Reggie Dokes Q&A

Hello and welcome to Magazine Sixty, Reggie. Let’s start by asking about your new release (along with Gari Romalis) on Psychostasia: Feel Me Deep. Can you talk us through how you produced one of your tracks and how you achieve your signature sound?

Producing for me is mostly about feeling. If it moves me, then I feel it will move someone else, or at least someone will get it, lol. There are so many things that inspire me during the course of a day. When I am inspired, I get to work. I don’t agonize over a record for long, I am quick to finish once I have something. Mix it and move on to the next. I just think my sound comes from my experiences and growth as a spiritual being and person. I don’t strike out to be different, it is what comes out of me naturally when I create.

What provided the impetus to relaunch Psychostasia Recordings, and how did the relationship and distribution from Clone Records and Rush Hour come about?

I had just gotten to that point creatively, where I wanted to get back to my label. Serge over at Clone offered to help, and I am greatful to him and the crew. Serge and the Clone family have always been supportive of my work. I have done some great records that I am proud of at Clone, so there was a trust and understanding that I was comfortable with at Clone. Rush Hour in the Netherlands is now my new distributor now. With them, I was able to connect with them personally while at ADE, in addition, they have been supportive of my Hip Hop productions, under the alias, “Detroit Westside Kid”. Right now creatively, I am doing deep house and Hip Hop.

Your music has a playful yet intense funkiness. Who are your main influences both in terms of music and also from outside of the world of sound?

I like the way you put that, ” My music has a playful yet intense funkiness to it.” I have to use that one, lol. I would like to think some of my influences in music are: Jimmy Smith, Herbie Hancock, George Duke, Prince. Rod Temperton, Stanley Clarke. Outside the music world would have to be: Dr. Limuel C. Dokes (RIP), Dr. Frances S. Dokes ( RIP) both of whom, were my parents.

Do you feel that nostalgia helps or hinders the creation of music going forward?

Looking back helps me in moving forward in the creative process. I like listening to great musicians and bands. Look and listen to what they are using and the sounds. Now everybody wants a vintage keyboard or drum machine. Most want those cool sounds from the earlier golden years of music.

What changes for better or worse have you witnessed in music and clubs since your label originally released back in 2001?

I can only speak on music. It appears it has become more of a challenge for me to find good soulful music I like, whether it be house, techno or hip hop. It appears that hype has become the norm, and not substance. As it relates to clubs, give me a few more years. I have really just started to tour, so I really cannot give you a true assessment of the European club scene right now.

You also have releases out on Shift Imprint and We Play House Recordings which highlight the diversity of your sound. How would you describe the differences (if any) between House, Techno and other forms of electronic music?

Yes I do have releases coming on Shift Imprint, which is a fairly new label distributed by DBH music, and We Play House ( Belgium) run by my good friend Bart Van Neste aka DJ Red D. For me I just like to keep my sound diverse. On my label Psychostasia, I purposely like to put deep house and techno on the same EP. Keep em guessing, keep them wondering and make it interesting. You have to remember, that I was exposed to house music back in 83 or 84. Also, I was born and raised in Detroit. So back then, we called it progressive music. House music was very raw and soulful. Techno came later for me, but it was Detroit techno: Juan Atkins and Derrick May, much more electronic and futuristic sounding, but still had soul. Now you have all these different genres, and I get it, but at the end of the day for me, if it is good music, it is good music, lol.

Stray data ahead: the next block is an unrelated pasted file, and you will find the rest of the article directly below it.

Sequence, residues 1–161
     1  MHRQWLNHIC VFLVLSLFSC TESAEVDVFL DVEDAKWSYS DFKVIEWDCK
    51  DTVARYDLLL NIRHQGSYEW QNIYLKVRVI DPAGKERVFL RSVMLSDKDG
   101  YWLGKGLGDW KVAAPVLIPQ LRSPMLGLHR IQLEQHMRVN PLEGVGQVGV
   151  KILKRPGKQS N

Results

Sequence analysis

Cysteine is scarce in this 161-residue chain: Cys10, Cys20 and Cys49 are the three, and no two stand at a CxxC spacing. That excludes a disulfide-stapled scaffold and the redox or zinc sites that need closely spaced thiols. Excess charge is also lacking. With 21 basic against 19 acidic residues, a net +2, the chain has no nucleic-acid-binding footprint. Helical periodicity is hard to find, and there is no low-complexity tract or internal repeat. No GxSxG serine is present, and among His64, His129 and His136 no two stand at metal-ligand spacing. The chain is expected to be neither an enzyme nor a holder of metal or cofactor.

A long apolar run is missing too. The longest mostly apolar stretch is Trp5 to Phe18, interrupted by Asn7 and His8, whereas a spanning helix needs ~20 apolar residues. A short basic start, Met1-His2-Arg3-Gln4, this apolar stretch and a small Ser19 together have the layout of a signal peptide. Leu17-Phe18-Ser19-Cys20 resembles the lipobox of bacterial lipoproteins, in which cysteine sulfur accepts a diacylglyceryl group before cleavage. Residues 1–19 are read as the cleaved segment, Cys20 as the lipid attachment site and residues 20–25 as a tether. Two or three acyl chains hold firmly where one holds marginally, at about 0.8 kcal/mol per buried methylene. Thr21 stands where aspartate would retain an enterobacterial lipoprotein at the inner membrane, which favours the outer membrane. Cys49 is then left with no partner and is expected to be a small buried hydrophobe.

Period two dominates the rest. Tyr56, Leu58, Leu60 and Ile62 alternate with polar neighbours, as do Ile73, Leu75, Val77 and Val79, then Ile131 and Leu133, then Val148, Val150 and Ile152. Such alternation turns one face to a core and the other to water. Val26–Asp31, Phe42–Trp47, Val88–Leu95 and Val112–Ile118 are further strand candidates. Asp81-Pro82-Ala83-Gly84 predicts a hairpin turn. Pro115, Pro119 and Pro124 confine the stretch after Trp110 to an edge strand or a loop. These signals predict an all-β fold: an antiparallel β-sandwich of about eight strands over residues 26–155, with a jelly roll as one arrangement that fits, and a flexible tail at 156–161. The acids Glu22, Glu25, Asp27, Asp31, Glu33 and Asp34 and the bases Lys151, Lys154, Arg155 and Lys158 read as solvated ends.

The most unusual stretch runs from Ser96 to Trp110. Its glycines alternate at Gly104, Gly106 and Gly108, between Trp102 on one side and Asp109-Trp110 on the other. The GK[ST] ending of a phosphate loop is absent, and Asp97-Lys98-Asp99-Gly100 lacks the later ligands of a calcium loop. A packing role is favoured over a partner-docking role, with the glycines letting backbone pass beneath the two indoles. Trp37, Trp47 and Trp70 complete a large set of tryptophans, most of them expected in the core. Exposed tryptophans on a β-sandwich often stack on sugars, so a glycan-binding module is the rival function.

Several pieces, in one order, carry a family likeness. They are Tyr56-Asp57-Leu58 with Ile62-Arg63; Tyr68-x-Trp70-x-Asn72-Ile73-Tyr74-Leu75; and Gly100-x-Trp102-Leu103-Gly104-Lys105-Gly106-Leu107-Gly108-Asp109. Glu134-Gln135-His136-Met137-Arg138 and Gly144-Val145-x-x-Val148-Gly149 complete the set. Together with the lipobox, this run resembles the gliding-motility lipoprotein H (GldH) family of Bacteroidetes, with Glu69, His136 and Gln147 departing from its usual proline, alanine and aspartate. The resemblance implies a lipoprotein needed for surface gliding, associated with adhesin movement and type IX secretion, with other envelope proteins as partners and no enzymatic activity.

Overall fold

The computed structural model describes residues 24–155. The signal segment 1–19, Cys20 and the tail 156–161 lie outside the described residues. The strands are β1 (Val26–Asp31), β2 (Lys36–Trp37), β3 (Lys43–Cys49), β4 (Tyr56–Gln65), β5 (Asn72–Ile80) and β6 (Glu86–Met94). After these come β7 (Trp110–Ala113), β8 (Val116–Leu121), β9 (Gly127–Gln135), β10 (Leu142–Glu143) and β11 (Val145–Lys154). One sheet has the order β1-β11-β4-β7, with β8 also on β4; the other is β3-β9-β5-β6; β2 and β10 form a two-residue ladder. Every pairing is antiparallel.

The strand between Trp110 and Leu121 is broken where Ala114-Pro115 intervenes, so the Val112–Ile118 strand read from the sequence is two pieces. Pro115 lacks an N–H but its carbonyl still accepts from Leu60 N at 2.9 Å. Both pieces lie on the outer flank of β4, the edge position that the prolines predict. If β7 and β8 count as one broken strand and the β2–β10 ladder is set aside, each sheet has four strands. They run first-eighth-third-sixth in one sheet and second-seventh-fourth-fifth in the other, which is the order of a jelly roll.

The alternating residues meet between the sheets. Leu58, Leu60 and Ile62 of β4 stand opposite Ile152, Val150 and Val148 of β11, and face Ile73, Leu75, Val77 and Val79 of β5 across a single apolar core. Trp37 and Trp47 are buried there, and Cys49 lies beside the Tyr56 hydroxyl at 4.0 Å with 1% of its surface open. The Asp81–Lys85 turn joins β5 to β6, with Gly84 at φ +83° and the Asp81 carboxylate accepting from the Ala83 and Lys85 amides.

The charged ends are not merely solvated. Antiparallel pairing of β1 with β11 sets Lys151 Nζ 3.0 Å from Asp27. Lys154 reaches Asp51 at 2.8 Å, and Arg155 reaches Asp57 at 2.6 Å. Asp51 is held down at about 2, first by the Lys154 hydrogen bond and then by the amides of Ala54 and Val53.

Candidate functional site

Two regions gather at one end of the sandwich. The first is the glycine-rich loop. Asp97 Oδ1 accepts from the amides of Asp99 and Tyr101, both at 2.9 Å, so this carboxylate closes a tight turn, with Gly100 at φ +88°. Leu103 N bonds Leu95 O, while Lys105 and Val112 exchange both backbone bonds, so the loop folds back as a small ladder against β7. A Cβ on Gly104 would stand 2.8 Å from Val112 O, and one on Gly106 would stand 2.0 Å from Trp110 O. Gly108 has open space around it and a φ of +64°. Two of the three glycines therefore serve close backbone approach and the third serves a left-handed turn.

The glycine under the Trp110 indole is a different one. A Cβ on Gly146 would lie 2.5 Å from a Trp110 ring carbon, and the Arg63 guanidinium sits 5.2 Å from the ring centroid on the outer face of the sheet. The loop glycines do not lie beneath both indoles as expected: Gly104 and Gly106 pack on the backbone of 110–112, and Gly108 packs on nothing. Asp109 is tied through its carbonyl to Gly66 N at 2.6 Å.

And finally. What are you forthcoming plans for 2018?

My plans in 2018 are definitely to play out more as a DJ and continue to put out interesting and soulful music across all three genres: deep house, techno and hip hop.


Re.You – Without You EP – connected

The word you’re looking for here is, excellent. The words plural to describe this latest from connected are building, tension, beautiful, harmonious, and challenging. Re.You surpasses himself with Without You feeling uniquely important as a standalone piece of music that utilises the power of repetition as a force, combining voice and drums to devastating effect. Next, Too Much sees Marius Maier alongside Soheil deliver addictive, smoking, tribal infused rhythms which feel Dub-like yet powerfully pointed. Release: April 6

Ronnie Spiteri – Shakedown EP – Do Not Sleep

Ronnie Spiteri’s refreshingly brutal architectures resonate wildly across the title track so easily it almost hurts. Shakedown, hits you with a succession of powerful drums plus a heady sequence of synthesized lines, which then break down and start all over again. Simple. Anja Schneider supplies the remix which teases you via fiery Detroit intention amid melodic keys and seductive drum machines. The remaining two originals: Inside Out and the excellent Another Life both proceed to gather a furious pace of intensity and both hit the spot via heavy-duty kicks and to the point stabs, which feel particularly acute on the later. Release: March 30